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February 22, 2006

Financial software available on SUSE Linux.

by @ 2:31 pm. Filed under Work-Related

I’ve been working on the Great Novell Survey, which allows users to submit their vote on which apps should be ported to Linux (not just SUSE). So far, there have been over 15,000 responses. What’s really amazing to me is that most of the countries represented by the submissions have similar top requests. For example, they all want Photoshop, Dreamweaver, and AutoCAD ported to Linux. What’s crazy is that Quicken and Quickbooks top the list for Americans. I guess we’re a bunch of capitalists or something.

I posted a small list of a few applications already running on Linux that might fit the bill in my report last week.

Well, the question of the day, then, is: Which of the financial packages currently available for Linux is the most feature-rich, the most intuitive, and can import/export the standard Quicken/Quickbooks file formats?

I’d like to reward people with points if they decide to review these Linux apps. If you have something you’d like to say about them, I have the ability to make your voice heard. We can make a difference in the Linux movement. You just have to speak up!

4 Responses to “Financial software available on SUSE Linux.”

  1. David Corking Says:

    I have never tried Quicken, but I have used Gnucash since 1999 for the same purpose – to download stock quotes, and keep track of regular bill payments. As I lived in the US for a while, I had accounts in pounds and dollars, and was very impressed at the way Gnucash could keep track of both currencies.

    I can download files in the Quicken format from my bank, and they load straight into Gnucash.

    Back in the UK, no-one balances their check book (or cheque book). We all just look at our bank statement, and if it looks right, we trust that the bank has done the sums right. I suppose we are just a trusting lot. Or, perhaps photoshop and dreamweaver just sound like more fun to Europeans ?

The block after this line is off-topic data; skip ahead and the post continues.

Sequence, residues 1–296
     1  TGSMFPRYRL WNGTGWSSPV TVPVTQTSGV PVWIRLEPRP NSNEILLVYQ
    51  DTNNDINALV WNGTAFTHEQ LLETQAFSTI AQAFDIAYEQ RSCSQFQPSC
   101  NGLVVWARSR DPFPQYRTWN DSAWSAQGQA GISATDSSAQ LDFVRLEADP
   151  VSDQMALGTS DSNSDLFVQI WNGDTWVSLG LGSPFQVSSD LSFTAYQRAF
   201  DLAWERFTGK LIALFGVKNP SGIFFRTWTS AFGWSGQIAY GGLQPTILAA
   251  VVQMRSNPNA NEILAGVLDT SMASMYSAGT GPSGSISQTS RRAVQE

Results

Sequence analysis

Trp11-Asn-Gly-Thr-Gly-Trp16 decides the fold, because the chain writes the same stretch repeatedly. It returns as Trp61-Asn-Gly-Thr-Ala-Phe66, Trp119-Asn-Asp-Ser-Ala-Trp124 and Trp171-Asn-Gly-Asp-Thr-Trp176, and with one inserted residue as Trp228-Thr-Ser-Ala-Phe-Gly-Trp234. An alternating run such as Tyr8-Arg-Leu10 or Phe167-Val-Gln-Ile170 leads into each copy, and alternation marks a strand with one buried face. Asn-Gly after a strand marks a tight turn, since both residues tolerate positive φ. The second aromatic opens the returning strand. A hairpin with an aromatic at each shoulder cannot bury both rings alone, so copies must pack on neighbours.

Finally I noticed today a special YaST installation source for Gnucash if you need to keep up-to-date with the latest developments, though the Gnucash in on the SuSE DVD suits me fine.


  2. Greg Long Says:

    I was wondering if you could help me out, as it seems like you have some good experience running Gnucash on SUSE. I recently installed gnucash 1.9.6 on my SUSE 10.1 build. I got it to “make install” without error, however no matter where (directory location) I try to start gnucash from the console prompt, I receive an error stating command not found. I’ve tried just straight “gnucash”, “./gnucash”, “~/.gnucash”… nothing seems to work. It seems that I installed the package correctly, as I extracted the tar.gz, then ran ./configure, corrected errors, then make, then make install. I just can’t get the program started! It’s very frustrating! I’m sure I’m just missing something, but all of my Google searches have not given me the answer! Have you ever seen this or do you have an idea how I can get gnucash running on my SUSE build?

    Thanks!! Greg

  3. paola Says:

    did you try parcus personal finance software? i bought it from quite easy to use.

  4. Mandy Says:

    yes i have a copy of this program. its really good! the spreadsheets are easy to understand and the price is not too high!

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